Facebook CEO Mark Zuckerberg was on stage this afternoon at the TechCrunch Disrupt conference, and Michael Arrington wasted no time in getting to the big question hanging over the company right now, asking Zuckerberg about the steep decline in Facebook’s stock price since its IPO.

“The performance of the stock has obviously been disappointing,” Zuckerberg responded, but he said investors are misunderstanding the potential impact of mobile usage on Facebook in the next three to five years. In fact, he said, mobile will be “fundamentally good.”

There are more users on mobile, they’re more engaged, and more likely to be daily active users than people on desktop computers. In terms of making money from mobile usage, he said he sees mobile as more like TV, because you can’t just slap ads in a right-hand column.

“The ads have to be more integrated,” he said, calling it a “huge opportunity” but acknowledging that Facebook has had “a bunch of missteps” on that front, including betting too much, too early on HTML5 as opposed to native apps.

Facebook released revamped native version of its iOS app last month, considerably boosting the speed and improving other features. The company is also working on a native Android app.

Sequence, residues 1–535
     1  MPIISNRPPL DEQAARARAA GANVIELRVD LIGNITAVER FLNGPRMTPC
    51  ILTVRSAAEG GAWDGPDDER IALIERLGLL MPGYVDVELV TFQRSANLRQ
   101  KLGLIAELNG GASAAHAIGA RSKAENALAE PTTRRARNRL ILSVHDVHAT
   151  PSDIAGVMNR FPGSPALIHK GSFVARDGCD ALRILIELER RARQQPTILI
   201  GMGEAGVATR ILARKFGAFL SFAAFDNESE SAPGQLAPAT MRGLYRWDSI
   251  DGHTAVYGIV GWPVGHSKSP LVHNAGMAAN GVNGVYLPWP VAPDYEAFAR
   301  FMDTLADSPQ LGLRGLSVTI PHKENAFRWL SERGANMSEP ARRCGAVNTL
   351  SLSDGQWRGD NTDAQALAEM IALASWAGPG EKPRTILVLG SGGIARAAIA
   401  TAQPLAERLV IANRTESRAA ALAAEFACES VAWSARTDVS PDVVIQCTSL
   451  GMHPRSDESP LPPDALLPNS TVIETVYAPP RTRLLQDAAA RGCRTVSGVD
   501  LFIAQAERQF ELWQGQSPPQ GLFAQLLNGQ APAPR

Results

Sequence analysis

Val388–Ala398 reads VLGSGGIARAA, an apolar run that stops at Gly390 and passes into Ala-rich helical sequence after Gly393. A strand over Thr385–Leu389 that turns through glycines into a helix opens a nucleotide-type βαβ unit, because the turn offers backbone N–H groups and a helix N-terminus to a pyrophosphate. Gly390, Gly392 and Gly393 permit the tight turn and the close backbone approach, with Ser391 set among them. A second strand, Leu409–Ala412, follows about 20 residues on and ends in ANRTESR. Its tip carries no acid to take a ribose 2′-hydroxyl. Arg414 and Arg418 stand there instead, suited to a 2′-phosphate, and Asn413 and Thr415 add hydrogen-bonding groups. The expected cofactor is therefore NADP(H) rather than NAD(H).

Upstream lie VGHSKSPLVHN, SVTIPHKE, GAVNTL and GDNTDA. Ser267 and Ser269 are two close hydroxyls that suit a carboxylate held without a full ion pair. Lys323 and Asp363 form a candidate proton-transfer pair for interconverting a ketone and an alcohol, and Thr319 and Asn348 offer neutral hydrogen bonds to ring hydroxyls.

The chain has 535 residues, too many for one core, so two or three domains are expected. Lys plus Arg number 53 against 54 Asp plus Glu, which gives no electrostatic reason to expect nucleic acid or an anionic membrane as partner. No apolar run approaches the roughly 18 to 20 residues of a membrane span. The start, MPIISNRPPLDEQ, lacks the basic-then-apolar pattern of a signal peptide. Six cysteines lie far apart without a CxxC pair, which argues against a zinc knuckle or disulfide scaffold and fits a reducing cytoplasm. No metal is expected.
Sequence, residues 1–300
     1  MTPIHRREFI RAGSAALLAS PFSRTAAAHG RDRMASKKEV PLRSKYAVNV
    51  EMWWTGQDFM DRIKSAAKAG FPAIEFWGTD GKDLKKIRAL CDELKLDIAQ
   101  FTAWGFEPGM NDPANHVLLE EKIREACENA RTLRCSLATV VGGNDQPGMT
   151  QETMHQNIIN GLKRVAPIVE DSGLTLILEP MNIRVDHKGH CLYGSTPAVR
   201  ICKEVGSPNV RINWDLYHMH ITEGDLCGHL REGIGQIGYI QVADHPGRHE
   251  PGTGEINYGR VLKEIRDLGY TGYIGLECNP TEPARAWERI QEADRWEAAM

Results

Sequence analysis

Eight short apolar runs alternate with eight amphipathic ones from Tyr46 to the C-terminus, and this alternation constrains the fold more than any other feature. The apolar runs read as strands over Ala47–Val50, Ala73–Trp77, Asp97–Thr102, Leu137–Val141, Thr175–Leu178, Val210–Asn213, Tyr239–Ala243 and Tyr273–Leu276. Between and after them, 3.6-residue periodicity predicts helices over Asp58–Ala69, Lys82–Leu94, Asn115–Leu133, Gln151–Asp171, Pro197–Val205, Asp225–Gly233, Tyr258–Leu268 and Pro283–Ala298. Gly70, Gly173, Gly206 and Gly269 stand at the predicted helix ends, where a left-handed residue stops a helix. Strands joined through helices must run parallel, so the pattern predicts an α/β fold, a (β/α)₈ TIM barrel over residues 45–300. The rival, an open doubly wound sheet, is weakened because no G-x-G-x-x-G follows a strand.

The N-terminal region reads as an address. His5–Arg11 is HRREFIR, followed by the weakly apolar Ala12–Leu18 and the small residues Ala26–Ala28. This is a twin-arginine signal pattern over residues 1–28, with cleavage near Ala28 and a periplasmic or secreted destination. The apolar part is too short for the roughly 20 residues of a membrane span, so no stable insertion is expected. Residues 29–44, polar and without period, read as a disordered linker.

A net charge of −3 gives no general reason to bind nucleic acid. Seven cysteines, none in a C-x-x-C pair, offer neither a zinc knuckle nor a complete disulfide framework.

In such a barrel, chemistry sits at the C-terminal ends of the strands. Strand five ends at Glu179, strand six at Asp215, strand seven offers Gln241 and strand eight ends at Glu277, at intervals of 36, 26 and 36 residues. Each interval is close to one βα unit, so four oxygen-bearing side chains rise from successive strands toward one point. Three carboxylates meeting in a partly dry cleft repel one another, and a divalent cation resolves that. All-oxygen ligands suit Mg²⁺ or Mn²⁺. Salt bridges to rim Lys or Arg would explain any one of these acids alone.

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  • guest

    Even after the decline it’s going for 67x earnings. Not exactly cheap. The IPO was priced far too high (among other problems). Interesting that he regrets the HTML5 bet just as MS is coming to market with W8, which itself made that bet.

  • Guest

    Why are we still paying attention to Facebook? User engagement is down, the mobile strategy is a bust, and the phone is still delayed. Can we please move on to the next flavour-of-the-month social networking site until its IPO inevitably tanks?

    • guest

      People used to say similar things about Amazon.

      • Guest

        People used to say similar things about SixDegrees, MySpace, Friendster, Diggs, and all the other flash-in-the-pan social sites that are taking up valuable space in the tech graveyard. Facebook has more in common with them (being popular only for as long as they’re popular) than it does in common with Amazon (selling goods and services to fuel horizontal and vertical growth).

        • guest

          My point was that a raft of dotcom sites blew up at one stage, Amazon among them. There was no shortage of people then claiming that all e-commerce sites were doomed. Similarly, while a lot of social networking companies have failed, it’s possible FB will endure.

  • http://twitter.com/fijiaaron Aaron Evans

    Forget investors, you have shareholders now, and they’re not as understanding and patient.

    (Of course they don’t really have shareholders, because shareholders don’t really have votes, and the “investors” who “sold” to the “shareholders” still control the company.)

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